Iowa Theatre

124 S. Dubuque Street,
Iowa City, IA 52240

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Functions: Nightclub

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Iowa Theatre

The Iowa Theatre was located on S. Dubuque Street at E. Washington Street. It opened on November 20, 1936 with Carole Lombard in “Hands Across the Table”. The building is still in use and it is very evident that it was a theatre from the photos. The theatre is now a night club called Dc’s.

Contributed by Chuck

Recent comments (view all 2 comments)

kencmcintyre on September 25, 2009 at 7:10 pm

Everybody must get stoned. From the Iowa City Press-Citizen in March 1971:

Charges “quite possibly” will be filed in connection with a fracas that broke out after officers halted a movie at the Iowa Theater here Friday afternoon. The scuffle resulted as police tried to drag a member of the audience, Donald Pugsley, 23, out of the theater after officers ordered movie patrons out of the building, searched them and readmitted them. The policemen were responding to a report that members of the audience were smoking marijuana during the Rolling Stones movie “Gimme Shelter.” Pugsley said that after the audience was readmitted, an officer told the young people they would be permitted to stay for the rest of the movie, “except that loudmouth.”

Pngsley said the officers “grabbed me and dragged me up the aisle, kicking me all the way.” “I’ve got a bad leg. I just had a pin taken out and didn’t want them to open the old surgery. I started screaming and the crowd got quite excited,” said Pugsley, who suffered a leg wound in Vietnam.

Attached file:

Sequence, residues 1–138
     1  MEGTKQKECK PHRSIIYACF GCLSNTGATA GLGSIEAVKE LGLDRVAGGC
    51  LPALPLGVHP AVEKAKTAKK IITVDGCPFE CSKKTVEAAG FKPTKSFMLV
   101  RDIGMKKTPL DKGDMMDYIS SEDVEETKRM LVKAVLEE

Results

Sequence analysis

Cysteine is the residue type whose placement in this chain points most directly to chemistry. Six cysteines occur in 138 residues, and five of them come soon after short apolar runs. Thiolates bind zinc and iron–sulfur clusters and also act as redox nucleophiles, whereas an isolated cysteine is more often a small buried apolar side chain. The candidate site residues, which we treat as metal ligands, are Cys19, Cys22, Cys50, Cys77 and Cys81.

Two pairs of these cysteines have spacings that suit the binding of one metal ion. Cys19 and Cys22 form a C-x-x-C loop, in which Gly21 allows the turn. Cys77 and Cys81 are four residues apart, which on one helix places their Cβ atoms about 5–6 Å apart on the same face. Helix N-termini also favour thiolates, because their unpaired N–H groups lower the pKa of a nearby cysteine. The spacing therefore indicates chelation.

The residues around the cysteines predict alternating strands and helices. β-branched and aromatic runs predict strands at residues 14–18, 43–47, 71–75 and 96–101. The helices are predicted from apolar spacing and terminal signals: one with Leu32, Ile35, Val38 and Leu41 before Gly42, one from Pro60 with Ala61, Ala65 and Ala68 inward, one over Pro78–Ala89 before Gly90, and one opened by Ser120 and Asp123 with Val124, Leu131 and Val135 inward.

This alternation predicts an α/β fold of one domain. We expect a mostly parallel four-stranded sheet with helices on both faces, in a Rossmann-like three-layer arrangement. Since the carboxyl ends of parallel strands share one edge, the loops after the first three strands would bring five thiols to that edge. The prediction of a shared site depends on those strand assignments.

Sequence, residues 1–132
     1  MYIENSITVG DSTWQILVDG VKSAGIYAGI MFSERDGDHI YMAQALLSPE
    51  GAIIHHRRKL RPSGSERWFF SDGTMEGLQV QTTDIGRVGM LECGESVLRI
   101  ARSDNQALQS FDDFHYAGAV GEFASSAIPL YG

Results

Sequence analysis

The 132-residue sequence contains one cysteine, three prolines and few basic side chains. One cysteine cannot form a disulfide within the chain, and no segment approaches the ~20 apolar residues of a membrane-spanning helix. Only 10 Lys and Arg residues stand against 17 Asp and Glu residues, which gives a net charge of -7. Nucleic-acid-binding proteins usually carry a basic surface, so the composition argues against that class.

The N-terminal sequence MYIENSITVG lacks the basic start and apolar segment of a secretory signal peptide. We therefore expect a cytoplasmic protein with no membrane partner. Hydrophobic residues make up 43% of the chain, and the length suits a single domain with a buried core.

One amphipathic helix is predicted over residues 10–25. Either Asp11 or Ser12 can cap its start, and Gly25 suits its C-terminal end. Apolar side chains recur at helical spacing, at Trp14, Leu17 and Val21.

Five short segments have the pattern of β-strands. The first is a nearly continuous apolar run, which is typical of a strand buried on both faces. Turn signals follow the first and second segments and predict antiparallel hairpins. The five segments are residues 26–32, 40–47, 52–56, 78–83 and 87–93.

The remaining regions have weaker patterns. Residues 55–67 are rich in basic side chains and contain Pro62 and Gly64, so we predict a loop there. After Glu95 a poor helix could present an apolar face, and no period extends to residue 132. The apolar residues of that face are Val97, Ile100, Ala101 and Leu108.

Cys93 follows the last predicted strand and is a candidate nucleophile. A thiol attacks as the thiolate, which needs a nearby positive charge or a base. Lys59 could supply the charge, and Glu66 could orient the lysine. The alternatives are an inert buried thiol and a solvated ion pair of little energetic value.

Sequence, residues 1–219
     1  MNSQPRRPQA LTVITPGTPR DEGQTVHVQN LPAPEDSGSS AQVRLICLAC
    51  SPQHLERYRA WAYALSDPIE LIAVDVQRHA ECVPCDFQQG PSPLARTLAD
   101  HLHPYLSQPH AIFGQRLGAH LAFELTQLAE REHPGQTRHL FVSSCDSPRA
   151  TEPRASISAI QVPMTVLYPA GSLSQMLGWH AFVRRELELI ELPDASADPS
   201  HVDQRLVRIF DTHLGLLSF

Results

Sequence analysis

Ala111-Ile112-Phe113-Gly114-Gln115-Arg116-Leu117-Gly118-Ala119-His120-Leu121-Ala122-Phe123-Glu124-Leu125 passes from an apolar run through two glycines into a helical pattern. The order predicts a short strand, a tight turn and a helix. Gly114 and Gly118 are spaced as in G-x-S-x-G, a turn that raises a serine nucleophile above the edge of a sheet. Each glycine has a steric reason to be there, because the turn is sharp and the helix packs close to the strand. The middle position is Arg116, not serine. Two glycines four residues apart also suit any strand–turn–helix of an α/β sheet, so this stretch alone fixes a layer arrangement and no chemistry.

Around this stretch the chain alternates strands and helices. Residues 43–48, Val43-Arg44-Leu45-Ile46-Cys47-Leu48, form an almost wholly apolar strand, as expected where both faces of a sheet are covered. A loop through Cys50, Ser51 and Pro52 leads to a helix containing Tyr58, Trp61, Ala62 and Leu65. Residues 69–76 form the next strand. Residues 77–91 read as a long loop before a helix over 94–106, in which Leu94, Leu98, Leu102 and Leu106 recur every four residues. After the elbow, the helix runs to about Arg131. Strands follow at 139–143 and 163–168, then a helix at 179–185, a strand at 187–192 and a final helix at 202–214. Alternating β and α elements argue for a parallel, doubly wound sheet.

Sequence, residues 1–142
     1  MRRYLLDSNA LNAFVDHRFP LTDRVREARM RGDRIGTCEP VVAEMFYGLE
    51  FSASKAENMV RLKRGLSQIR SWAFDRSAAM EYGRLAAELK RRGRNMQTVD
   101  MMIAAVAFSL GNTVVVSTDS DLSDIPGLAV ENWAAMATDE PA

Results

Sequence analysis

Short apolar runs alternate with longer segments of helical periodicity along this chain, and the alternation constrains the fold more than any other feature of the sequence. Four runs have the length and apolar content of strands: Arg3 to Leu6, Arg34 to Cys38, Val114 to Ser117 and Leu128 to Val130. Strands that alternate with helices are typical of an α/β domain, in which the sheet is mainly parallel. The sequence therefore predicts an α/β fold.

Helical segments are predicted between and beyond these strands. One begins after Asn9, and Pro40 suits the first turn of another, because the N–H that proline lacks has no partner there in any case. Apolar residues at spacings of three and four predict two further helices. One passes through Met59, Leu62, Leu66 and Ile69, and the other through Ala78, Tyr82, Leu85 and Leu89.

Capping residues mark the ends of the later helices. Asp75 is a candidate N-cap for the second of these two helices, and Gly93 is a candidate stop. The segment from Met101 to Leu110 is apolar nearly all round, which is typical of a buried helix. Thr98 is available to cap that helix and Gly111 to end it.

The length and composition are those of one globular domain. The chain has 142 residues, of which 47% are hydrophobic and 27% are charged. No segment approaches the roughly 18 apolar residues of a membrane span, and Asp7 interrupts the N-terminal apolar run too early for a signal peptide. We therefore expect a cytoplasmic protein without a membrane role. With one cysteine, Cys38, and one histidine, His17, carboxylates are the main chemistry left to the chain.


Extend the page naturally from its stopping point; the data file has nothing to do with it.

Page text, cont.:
Police Sgt. Robert Vevera, who was called to the scene about 3:30 p.m., said the inside of the theater was “pretty smoky” because “some individuals in the audience were smoking marijuana.” The movie was halted, the lights turned on and Vevera formed the audience “they were violating a city ordinance and state law” against smoking in theaters.

The audience was ordered outside and told “they would be readmitted if they gave up their cigarettes,” said Vevera. Police confiscated “quite a few of both” tobacco and marijuana cigarettes, the officer said. Pugsley said that as the police were searching members of the audience, “I was being pretty verbal with a cop. He pushed me up against a wall and said, ‘shut up or there’ll be trouble.”’ Pugsley said that he obeyed the officer’s order and that he was grabbed inside the theater after another member of the audience shouted at an officer. According to Vevera, Pugsley was released because of the ‘physical impossibility of getiing him out of there without hurting someone. “If we felt the crime was bad enough, we could have used a club or mace But this wasn’t a murder or anything.”

Vevera said he was treated at University Hospital for a torn knee he received in the scuffle. Another officer’s watch was stolen during the incident.

DRum on January 5, 2017 at 3:32 pm

As a manager trainee I worked here from 1983-84. It was a neat old theatre but very run down. Money wasn’t put into it because it made little if any profit. It was not used for any big blockbuster films.As I remember at that time it often closed during the summer when students were out of town(?).It had a small lobby with a tiny concession stand and the tickets were sold thru a window onto the outside. Around that time someone offered to buy the place and central states theatres agreed to sell. It was demolished and replaced by a Burger King. When it sold I was able to take some seats out of it and had permission to take the I O W A letters off the marquee. I tried to get the letters out but we had sleet and ice and they were frozen in place.

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